It is well known that Li-Ion batteries should not be deep discharged.

But sometimes they do discharge deeply. Is it OK for the device to remain in such state for a long time (and recharge again only when the device is needed again after a year) or it should be charged back as soon as possible?

In other words, the battery was discharged deeply. Now I need to know the best way to prevent further damage to the battery. Should I recharge it immediately or leave it in a deeply-discharged state until I need it again?

Does deeply discharged battery have higher or lower self-discharge compared to normally charged battery?


4 Answers 4


No, it is not OK to have a Li-Ion deeply discharged at all.

Here is why: When discharged below its safe low voltage (exact number different between manufacturers) some of the copper in the anode copper current collector (a part of the battery) can dissolve into the electrolyte. The copper ions (atoms?) then in turn can stick on to the anode during charging by chemical reduction and cause dendrites. The dendrites might cause a short circuit inside the battery. So basically discharging too much is as bad as charging too much. But the dendrites caused by overcharging is formed out of lithium.

Normally the battery pack should have some sort of supervisory circuit that disconnects the cells from the charger or load when the cells are above or below the recommended voltages.

Question 2:

Does a deeply discharged battery have higher or lower self-discharge compared to normally charged battery?

A deeply discharged battery might have a higher self-discharge due to the above mentioned damage.

From what I can see in the data sheet provided by a large manufacturer (under NDA) the best relative (%) capacity retained is at somewhere around 50% charge and at low storage temperature.

  • 1
    \$\begingroup\$ So this copper keeps on dissolving more and more even when the (discharged) cell lays on a shelf? \$\endgroup\$
    – Vi0
    Apr 10, 2015 at 21:28
  • \$\begingroup\$ As I understand it, the copper dissolves when the voltages is low enough but the dendrites only forms during charging. \$\endgroup\$
    – Dejvid_no1
    Apr 10, 2015 at 21:31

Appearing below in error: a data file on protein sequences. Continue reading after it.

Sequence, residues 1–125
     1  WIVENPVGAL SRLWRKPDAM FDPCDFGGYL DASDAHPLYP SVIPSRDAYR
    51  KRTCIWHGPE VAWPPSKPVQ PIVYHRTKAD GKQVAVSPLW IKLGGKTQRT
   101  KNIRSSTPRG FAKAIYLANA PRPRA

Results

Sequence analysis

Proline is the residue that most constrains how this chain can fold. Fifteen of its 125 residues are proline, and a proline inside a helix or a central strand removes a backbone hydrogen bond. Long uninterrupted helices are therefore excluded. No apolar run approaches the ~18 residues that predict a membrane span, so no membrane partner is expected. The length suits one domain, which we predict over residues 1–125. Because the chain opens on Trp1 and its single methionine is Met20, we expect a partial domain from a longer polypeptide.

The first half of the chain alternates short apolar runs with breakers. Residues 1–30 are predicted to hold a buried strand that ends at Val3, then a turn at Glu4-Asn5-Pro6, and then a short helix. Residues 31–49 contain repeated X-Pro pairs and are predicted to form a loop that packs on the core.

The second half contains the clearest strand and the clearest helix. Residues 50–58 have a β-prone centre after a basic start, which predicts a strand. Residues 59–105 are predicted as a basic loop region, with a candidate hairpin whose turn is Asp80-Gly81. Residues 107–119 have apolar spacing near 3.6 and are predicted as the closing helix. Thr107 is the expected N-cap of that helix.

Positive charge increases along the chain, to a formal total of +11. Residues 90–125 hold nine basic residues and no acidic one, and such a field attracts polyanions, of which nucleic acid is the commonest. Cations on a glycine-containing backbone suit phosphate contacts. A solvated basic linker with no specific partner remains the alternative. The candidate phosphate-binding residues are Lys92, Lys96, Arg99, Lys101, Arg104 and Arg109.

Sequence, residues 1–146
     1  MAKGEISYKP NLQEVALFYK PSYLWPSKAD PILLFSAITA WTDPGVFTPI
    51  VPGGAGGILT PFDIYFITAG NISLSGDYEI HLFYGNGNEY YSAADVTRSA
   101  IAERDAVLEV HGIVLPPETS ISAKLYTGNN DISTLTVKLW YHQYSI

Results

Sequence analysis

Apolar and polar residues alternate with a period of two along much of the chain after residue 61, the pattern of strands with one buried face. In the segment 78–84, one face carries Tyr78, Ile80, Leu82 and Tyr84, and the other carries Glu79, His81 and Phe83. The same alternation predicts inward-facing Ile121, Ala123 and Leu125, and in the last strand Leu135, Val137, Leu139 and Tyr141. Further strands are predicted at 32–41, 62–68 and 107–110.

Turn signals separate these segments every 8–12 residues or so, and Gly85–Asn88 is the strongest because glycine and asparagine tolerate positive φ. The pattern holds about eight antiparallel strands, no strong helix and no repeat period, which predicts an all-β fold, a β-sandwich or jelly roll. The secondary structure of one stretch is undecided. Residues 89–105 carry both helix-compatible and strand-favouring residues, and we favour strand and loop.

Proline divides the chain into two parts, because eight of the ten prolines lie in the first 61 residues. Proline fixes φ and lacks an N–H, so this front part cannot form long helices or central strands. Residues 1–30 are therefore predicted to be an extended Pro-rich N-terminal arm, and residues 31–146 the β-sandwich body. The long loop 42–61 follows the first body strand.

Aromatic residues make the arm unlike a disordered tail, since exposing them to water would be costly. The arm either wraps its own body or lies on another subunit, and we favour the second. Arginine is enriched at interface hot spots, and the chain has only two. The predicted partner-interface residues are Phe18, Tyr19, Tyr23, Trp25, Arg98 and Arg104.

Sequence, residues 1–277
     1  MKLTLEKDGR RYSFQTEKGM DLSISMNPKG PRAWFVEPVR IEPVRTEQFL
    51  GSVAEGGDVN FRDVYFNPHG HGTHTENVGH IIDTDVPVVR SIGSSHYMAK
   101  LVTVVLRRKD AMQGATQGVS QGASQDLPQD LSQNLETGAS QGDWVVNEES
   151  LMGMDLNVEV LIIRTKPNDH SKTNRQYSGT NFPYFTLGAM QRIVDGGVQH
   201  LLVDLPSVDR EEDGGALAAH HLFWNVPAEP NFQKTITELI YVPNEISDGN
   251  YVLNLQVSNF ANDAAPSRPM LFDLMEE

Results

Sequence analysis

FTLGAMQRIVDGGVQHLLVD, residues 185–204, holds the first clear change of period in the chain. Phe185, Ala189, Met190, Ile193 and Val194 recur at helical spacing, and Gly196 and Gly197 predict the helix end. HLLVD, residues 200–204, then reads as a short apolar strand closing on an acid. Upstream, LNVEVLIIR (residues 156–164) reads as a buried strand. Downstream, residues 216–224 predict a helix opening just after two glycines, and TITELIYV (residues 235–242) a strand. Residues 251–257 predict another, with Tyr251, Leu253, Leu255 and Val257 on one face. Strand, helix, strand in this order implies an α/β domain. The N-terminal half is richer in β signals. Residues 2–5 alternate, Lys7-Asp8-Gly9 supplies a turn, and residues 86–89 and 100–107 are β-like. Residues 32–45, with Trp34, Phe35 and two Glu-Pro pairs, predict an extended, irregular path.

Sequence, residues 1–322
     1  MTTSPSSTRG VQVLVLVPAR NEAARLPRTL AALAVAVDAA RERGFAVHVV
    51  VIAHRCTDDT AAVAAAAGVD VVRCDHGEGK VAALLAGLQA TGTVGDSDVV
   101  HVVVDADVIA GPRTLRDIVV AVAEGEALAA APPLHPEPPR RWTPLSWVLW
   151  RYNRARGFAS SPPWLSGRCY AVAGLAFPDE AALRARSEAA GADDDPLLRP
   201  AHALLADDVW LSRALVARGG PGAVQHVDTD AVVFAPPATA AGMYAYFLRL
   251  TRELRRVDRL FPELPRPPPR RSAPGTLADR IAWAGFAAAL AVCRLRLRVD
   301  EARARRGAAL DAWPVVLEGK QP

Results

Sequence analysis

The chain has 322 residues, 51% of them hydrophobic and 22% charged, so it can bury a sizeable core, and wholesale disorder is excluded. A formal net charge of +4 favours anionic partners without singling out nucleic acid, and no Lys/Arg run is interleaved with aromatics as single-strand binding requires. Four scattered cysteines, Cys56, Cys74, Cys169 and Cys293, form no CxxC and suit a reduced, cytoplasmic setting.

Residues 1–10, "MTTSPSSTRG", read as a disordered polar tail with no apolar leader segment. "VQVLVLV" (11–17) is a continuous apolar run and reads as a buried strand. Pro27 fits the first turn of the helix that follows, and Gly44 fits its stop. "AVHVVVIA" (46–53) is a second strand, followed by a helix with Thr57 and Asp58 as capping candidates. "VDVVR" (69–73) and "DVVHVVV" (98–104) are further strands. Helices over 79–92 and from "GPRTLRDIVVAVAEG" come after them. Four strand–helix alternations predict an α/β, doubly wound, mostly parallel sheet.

• 1
    \$\begingroup\$ So the dissolution keeps going because of state of being undervolted, or because of the act of reaching low voltage? \$\endgroup\$
    – Vi0
    Apr 10, 2015 at 21:35
  • 6
    \$\begingroup\$ So would it be correctly assessed to say that it is not dangerous to deeply discharge a Li-Ion battery, but only to attempt to charge it again? \$\endgroup\$
    – Dolda2000
    Dec 17, 2016 at 21:22
  • 2
    \$\begingroup\$ Yes, it is dangerous to attempt to charge a deeply discharged Lithium battery. Most Lithium charger ICs measure each cell's voltage when charging begins and if the voltage is below a minimum of 2.5V to 3.0V it attempts a charge at a very low current . If the voltage does not rise then the charger IC stops charging and alerts an alarm. \$\endgroup\$
    – Audioguru
    Aug 15, 2021 at 13:51

Bigclive says there won't be any internal short circuit before the cells have been reverse charged to -12% which equals to about negative 2 volts. It will grow nasty copper spikes if the cell gets pushed beyond -12% (-2 V), then it's dead-dead.

The research he found

The main concern is with series connected cells: they're not perfectly balanced, so when one goes flat the others will reverse charge it and potentially kill it or at least weaken it.

Of course, they're not going to be happy about being drained to 0. This just says that it's a lot less worse than what was previously believed.

  • 1
    \$\begingroup\$ Why the downvote? \$\endgroup\$
    – Vi0
    Mar 12, 2018 at 16:55
  • 1
    \$\begingroup\$ Honestly, this answer isn't very on topic for this question. And perhaps someone thinks the less bad stuff that happens before this really bad stuff, is bad enough to be your primary concern? \$\endgroup\$
    – Oskar Skog
    Mar 13, 2018 at 13:24

Deeply discharged Li-Ion won't last a year, especially in storage where large ambient temperature changes are possible. It is recommended to store Li-Ion half-charged, to prevent "overcharged state" (i.e., when fully charged cell cools down to below 0C).


The batteries have protections for over and undercharging, check you battery model if it has these protections. If yes, it is safe. Li-ion batteries are very slow in discharging when not in any device, which may drain it. But it won't drain below the protection. If you have a voltage meter, and feel unsure, you can check that there is a small charge for safety. There are issues which may happen, if really emptied, like change of currents way due to "short circuiting".


Not the answer you're looking for? Browse other questions tagged or ask your own question.